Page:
November ’05 throught January ’06 was a great time to be in the sunshine state, especially since I was there to perform the play Brooklyn Boy by Donald Margulies (Dinner with Friends, The Loman Family Picnic) at Florida Studio Theatre in Sarasota. The play is about a successful novelist, Eric Weiss, who returns to his old Brooklyn neighborhood to visit his sick father, just as virtually everything in his life is in upheaval. I played Eric’s discarded boyhood pal, Ira, still living in Brooklyn, who raises the age-old point, you can take the boy out of Brooklyn, but … you know. The run was particularly fun in that I got to see lots of friends and relatives (many from Rochester!) who have moved to Sarasota or spend a good part of their winters there. The play was a hit with audiences and critics, alike. “Ira” got some lovely notices AND when the season was over, I won The Sarasota Herald Tribune’s 2006 Handy® Award for Best Supporting Actor in a play or musical. The Sarasota Herald Tribune said:

“Emotionally affecting and funny, the production is at its strongest and most believable whenever Bruce Sabath appears as Eric’s childhood friend Ira Zimmer… There’s a genuineness and honesty to Sabath’s performance that makes him come across as the mensch next door.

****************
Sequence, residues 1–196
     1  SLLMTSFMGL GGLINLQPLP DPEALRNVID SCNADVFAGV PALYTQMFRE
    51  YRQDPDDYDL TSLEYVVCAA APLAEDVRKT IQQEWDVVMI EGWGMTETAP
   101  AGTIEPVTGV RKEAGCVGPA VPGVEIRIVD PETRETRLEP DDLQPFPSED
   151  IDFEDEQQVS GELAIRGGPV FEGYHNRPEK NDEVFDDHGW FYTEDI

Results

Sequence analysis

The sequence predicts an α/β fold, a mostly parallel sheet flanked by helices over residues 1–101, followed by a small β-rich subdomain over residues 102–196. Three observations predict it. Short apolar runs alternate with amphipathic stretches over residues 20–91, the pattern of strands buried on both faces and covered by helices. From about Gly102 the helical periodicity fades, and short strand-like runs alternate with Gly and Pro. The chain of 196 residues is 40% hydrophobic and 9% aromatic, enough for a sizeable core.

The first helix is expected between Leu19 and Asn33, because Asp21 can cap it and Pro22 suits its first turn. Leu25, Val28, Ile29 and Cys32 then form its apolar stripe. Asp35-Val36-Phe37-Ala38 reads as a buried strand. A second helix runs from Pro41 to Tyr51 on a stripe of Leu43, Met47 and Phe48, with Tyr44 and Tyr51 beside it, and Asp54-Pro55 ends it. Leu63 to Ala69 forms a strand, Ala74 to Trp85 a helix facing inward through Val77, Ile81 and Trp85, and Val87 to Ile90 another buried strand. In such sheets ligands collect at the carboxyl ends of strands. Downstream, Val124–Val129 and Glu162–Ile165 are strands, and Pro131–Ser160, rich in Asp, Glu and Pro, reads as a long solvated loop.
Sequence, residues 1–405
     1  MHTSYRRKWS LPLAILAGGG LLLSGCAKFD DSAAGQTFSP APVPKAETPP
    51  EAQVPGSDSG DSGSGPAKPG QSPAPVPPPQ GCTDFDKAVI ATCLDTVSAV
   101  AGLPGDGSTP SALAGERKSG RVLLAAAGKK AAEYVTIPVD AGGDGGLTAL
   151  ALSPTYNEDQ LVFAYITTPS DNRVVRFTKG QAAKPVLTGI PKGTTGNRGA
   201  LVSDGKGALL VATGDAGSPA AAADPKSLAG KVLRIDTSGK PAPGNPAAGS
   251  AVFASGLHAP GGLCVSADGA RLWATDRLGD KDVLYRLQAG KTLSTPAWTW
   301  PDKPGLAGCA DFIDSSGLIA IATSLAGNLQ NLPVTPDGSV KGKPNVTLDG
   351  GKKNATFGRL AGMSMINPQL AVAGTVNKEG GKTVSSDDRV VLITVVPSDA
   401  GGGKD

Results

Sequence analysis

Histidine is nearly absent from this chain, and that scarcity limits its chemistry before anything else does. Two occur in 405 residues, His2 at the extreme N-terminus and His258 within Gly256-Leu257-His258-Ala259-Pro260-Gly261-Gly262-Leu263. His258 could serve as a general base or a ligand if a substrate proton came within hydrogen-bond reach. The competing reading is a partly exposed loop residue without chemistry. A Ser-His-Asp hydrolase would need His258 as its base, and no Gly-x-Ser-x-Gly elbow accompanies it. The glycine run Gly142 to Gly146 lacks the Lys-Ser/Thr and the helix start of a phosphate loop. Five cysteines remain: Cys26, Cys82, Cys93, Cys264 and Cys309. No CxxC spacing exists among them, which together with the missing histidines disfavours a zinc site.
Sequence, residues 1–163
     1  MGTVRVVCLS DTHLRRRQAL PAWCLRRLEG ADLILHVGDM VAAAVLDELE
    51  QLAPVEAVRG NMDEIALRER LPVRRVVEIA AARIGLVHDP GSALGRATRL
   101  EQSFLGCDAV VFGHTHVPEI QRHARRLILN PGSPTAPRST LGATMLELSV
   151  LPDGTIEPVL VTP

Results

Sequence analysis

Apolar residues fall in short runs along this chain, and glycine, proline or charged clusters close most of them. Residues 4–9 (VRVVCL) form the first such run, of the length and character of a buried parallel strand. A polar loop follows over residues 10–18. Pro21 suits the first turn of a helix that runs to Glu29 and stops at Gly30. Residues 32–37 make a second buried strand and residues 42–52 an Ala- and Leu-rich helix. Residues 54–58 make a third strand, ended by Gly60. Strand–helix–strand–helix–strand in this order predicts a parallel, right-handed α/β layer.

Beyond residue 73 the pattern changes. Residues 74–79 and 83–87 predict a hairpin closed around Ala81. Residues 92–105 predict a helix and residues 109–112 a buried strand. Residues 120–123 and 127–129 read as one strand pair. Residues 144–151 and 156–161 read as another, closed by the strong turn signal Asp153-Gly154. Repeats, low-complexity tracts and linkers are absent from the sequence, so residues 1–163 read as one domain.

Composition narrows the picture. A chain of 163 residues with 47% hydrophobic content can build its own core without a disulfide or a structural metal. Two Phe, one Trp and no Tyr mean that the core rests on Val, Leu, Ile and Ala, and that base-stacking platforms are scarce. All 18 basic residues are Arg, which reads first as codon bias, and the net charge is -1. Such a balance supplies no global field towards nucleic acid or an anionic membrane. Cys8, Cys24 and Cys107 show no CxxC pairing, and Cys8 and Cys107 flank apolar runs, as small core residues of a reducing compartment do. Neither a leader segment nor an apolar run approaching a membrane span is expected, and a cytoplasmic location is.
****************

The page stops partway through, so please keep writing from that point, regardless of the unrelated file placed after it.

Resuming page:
The Sarasota Pelican Press said:

Ira Zimmer is played by Bruce Sabath with scene stealing ethnicity… Sabath glides through a range of emotions, shifting effortlessly from sycophantic envy to combative confrontation.

For the complete reviews, click on the publications named above.



No, I haven’t decided to return to the Securities business, but my knowlege of the jargon recently came in handy. You financial news junkies may have heard my voice on several TV spots for Pipeline, a new block-trading processing company. Catch them on CNBC, or right here, at Pipeline’s website!



… in an amusing little commercial spot for the Volkswagen Passat. VW has been touting the features of the new Passat by comparing them to analogous scenarios. For a sample, go to VW’s Passat site, click on “Forward Velocity,” then “view the feature films” and then choose #24, “intermittent wipers.”



I was back on Comedy Central in December, doing a bit with stand-up comic Jay Oakerson, as a couple of cops in a ratty precinct house. It was all a part of Comedy Central’s Secret Stash show.


In September 2005, I went to Boston to play the central role in the independent feature, Criminality, directed by Rex Dean. I play Bert Dartagnon, a ruined TV producer, betrayed by a duplicitous protege. Finally out of the loony bin, Bert is sucked into a loonier bin when he is persuaded by a trusted maintenance man to stage a phony reality show to con the “contestants” into performing crimes against his former apprentice. Will revenge be sweet? We’ll find out when post-production is completed!


Sexually confused sailors? French-Caribbean terrorists? A bomb-making red-neck (played by yours-truly)? A sea-captain in love … (also me)… with a statue? It was all part of the very funny and touching new musical, “Fleet Week: The Musical” at the 2005 New York Fringe Festival. Featuring Tony nominee Melissa Hart and 2004 FringeNYC Best Performer winner Micah Bucey, the buzz on the show was amazing. The opening night performance at the storied Lucille Lortel Theatre was SOLD OUT (300 seats!) two weeks before the performance, and the rest of the run soon followed. When it was all over, “Fleet Week” won the coveted BEST MUSICAL award for the Festival! For all the reviews and the whole story, visit